Guy Ritchie Grilled on ‘Action Hero’ Holmes, ‘Hotson’ Watson

The “Sherlock Holmes” director defends how the way he put the famed English detective up on the screen

British writer/director Guy Ritchie made his name with the flashy, hyperkinetic indie gangster caper “Lock, Stock and Two Smoking Barrels,” and followed that up with the similarly flavored “Snatch” and “RocknRolla.” Now, armed with a reported $100 million budget, Ritchie has joined the big leagues with his new film, “Sherlock Holmes.”

Predictably, this is not your father’s Sherlock Holmes. Long gone are the traditional — and easily parodied — capes, deerstalker hats and pipes. Instead, as embodied by Robert Downey Jr., the famous detective is now part intellectual sleuth, part action-hero, partnered with an equally slimmed-down and pumped-up Watson, played by Jude Law.
Here, the former Mr. Madonna defends turning Holmes into an action hero and casting a Yank to play the quintessential English detective.
Were you always a big Holmes fan?
I’ve always been a fan. They were the first stories I was familiar with as a boy.
What is it about his continuing appeal?
The sheer depth of the character, as there are so many nuances in him that Doyle managed to pick out. Endearing as he is, he’s also rather vain and arrogant, but somehow that gives him an authentic feeling to him as a character. And the fact that he’s clearly a genius.
Yours isn’t the standard Holmes.
My idea of how he should be portrayed was gestating for decades — and I liked the idea that he’s this very intellectual but also very visceral and physical guy. So he has this sort of marriage between being physical and intellectual, and the fact that he’s flawed makes him so appealing.
And the studio wanted Guy Ritchie-isms, so we had similar ideas and approaches. They wanted more of me, and I wanted more of them.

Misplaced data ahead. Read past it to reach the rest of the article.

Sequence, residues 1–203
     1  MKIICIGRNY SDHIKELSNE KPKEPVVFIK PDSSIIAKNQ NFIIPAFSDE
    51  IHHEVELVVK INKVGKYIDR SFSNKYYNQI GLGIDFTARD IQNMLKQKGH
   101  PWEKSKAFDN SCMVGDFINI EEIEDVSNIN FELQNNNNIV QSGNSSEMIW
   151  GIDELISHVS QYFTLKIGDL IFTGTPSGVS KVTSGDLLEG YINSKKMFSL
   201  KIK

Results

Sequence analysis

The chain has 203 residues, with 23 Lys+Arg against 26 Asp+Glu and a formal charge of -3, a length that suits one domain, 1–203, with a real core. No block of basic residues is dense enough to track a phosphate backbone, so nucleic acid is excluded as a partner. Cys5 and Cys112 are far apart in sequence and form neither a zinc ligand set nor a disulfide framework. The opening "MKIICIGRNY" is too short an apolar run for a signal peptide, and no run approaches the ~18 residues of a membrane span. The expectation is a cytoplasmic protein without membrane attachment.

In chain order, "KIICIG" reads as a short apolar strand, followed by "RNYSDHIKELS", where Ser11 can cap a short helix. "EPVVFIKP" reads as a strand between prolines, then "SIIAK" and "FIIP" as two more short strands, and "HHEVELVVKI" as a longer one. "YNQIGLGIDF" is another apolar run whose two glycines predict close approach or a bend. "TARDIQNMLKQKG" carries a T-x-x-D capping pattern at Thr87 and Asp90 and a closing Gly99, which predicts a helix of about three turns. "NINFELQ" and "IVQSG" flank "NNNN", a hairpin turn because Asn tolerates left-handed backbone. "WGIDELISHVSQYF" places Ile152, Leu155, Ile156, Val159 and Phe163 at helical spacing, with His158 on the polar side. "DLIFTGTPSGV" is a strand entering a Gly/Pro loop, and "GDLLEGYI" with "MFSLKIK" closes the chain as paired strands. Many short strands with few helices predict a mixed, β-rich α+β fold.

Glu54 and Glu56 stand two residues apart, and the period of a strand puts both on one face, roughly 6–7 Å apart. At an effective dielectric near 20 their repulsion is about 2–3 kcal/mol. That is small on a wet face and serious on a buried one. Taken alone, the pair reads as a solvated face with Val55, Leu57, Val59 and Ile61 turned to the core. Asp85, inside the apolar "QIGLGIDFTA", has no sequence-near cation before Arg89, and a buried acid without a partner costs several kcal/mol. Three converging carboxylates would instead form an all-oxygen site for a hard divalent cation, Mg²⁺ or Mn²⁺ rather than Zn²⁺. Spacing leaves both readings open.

Are you afraid fans will find this just another effects-laden Hollywood sellout?
No, because I actually tried to stay very true to the original books and characters — and it’s not like I’m not familiar with all the stories. But I obviously have an opinion that percolates through the film.
There was also some initial grumbling about casting an American as the iconic English detective.
Yeah, all that was a bit strange to me, as the whole tradition of acting is based on the idea that you play someone you’re not. (Laughs.) Robert simply was the best guy I could think of to play the role, and he brought a great deal to it. His intellect works at a tremendous pace — much faster than mine — but he’s also very physical. He’s been doing kung-fu for a number of years, he has 3 percent body fat and he’s incredibly limber, so he embodied all the necessary qualities.
What casting about Jude Law as Watson?
Jude actually got coined as “Hotson” quite swiftly during the shoot, because rather than being the traditional Watson who’s this rather bumbling and subservient and rotund chap, he’s an equal in many respects to Holmes. One is a yin, the other is the yang. They complement each other. And Watson was very physical, too. He was a war hero, and I wanted to make that side of the character very conspicuous in the film.
There’s talk of a franchise if this is a hit. Would you be on board to do another?
Well, we’ll have to wait and see. I honestly haven’t given it too much thought yet as I’ve been working so hard to finish this one. But if all goes well, who knows?
So, what is next?
I don’t know. I’m not too good at thinking very far ahead, so I take each day as it comes. In terms of projects, I’m a chicken sitting on a few eggs, and one will crack before the others, so I have to wait and see which one it is. I just keep them warm